(c) Max Siegmayer - Eigenes Werk, CC BY-SA 4.0

Bionics: Modelled on nature

Gecko feet, termite structures, sea urchins – architecture borrows considerably from nature. And enables it to make buildings more efficient and more sustainable.
author: Karin Bornett

Bionics explores natural processes, structures and forms to solve technical problems. Now construction bionics makes buildings sustainable, adaptable and efficient. Nature has shaped great projects in the history of architecture – not only in terms of their beauty, but also their sustainable life cycle and efficient use of resources. Gustave Eiffel, for example, drew on the structure of the human femur for his famous tower in Paris. He applied the numerous struts, or rather isostatic ribs, found in skeletal bones to his steel structure. In this way, Eiffel was able to achieve maximum stability with the minimum use of materials. At more than 300m, the Eiffel Tower was the tallest building erected at the time.

Buildings that breathe

Bionics also has solutions for optimising the energy efficiency of buildings. For example, natural processes like photosynthesis can be used to heat or cool buildings. One example is the BIQ-Haus in Hamburg. The glass panels on its facade are filled with algae and can store solar energy and cool the building. With the Eastgate Centre in Harare, Zimbabwe, a bionic office building opened as far back as 1996 with ventilation elements based on the principle of termites. It has 5,600m² of retail space and 26,000m² of office space, all climate controlled in an energy-efficient way through ingenious air shafts. Cool air from the atrium is drawn into the system, which then flows into the separate areas through openings in the skirting. 48 chimneys are used for the passive heating of the air masses – just like with termites. The warm air is extracted through these chimneys and stored in the concrete, so that heat is available at night and on cooler days. The ventilation system also served as the model for Portcullis House in London, completed in 2011, which houses the offices of the members of parliament.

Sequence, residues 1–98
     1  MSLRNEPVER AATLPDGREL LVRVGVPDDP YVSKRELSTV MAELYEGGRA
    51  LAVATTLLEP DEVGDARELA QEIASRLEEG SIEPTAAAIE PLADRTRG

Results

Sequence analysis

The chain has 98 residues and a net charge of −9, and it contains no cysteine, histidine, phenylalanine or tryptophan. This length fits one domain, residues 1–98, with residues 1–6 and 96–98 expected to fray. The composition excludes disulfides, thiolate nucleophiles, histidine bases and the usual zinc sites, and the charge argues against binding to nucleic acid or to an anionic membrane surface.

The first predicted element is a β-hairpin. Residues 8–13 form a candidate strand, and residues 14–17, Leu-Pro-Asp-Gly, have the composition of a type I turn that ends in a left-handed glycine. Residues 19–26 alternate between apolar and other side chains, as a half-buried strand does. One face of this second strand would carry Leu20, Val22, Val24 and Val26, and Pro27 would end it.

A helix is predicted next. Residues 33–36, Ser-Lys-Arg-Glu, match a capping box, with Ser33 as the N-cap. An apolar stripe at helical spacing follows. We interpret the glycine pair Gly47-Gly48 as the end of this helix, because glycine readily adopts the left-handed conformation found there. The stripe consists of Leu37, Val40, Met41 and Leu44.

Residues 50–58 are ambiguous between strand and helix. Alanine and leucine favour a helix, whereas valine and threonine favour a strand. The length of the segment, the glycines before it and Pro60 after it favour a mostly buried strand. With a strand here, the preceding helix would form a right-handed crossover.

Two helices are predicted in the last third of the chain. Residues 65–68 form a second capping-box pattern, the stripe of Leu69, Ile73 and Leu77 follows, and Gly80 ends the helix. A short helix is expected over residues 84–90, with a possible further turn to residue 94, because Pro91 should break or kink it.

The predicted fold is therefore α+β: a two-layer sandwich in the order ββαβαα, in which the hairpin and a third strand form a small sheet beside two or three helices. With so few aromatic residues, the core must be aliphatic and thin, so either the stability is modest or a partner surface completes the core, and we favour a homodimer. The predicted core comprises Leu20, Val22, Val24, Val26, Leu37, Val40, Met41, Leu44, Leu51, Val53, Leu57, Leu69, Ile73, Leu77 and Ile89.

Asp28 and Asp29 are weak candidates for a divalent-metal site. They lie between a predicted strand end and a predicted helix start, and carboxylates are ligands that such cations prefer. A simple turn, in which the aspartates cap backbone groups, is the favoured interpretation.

The bioreactor façade

Oft copied: Cocoons, sea urchins and gecko feet

One good example of what we call biomorphic buildings is the Eden Project in Cornwall, England. The project consists of several greenhouses called biomes that simulate the earth’s different climatic zones. The design of the biomes recalls the natural forms of cocoons and sea urchins. The term biomorph refers to the shapes and structures in nature. Gecko-Tape® is another innovation that copies a surface structure from nature: The feet of geckos and bugs. The tape is completely adhesive-free. Its sticking strength comes from the special geometry of the microstructures. The system sticks to a wide variety of surfaces – from smooth tiles to uneven skin – and can be removed without residue. This makes the tape just as interesting for medical applications as for interior decoration or the facade design of buildings.

Eden Project (c) Max Siegmayer - Eigenes Werk, CC BY-SA 4.0

When the chemistry clicks

Besides shapes and structures, the material and its composition also play an important role in bionics. Modern research into natural processes and chemical compounds is constantly leading to the production of new building materials. The company Biomason, for example, has developed renewable cement modelled on coral formation processes. Since 2012, the company has been cultivating structural Biocement® with natural microorganisms. Bacteria change the pH value of the aggregate so that calcium carbonate is formed. This binds the aggregate with fewer carbon emissions. According to the manufacturer, each kilogram of the building material saves up to 1kg of CO₂.

New insights and methods drive innovation, but so do unprecedented demands and challenges. Bionics continues to be a highly promising field of research in the face of sustainability and climate protection. At Princeton University, for example, a team led by Sigrid Adriaenssens, professor of Civil and Environmental Engineering, is working on protective screens for buildings that react to sunlight – like flowers that open and close their leaves. This should become possible through the elasticity, geometry and thermobimetals in the panels. Architecture professor Jenny Sabin and her research team are working on photoluminescent tissue. Its structure and behaviour are modelled on that of cell tissue. Exciting findings on structural colour have also emerged from the Sabin Design Lab at Cornell University. Models in nature include the wings of butterflies of the Morpho genus or the plumage of hummingbirds. The unique cell behaviour, material properties and effects have a variety of applications including scalable building shells with responsive materials that react to environmental signals.

Did you know …

  • ... that the Eiffel Tower weighs just 10,100 tonnes? With its height of 324m, this steel construction is considered an ultra-lightweight building.
  • … that the term biomimicry is used alongside biomorphic and biomimetic architecture?
  • … that we can also learn a lot from bees? From honeycombs, to be precise. Their structure is light and very stable. And so, for example, honeycomb sheets made of paper are used in applications like as intermediate layers on pallets. For space travel and aircraft construction, there are also honeycomb panels made of plastic or aluminium.

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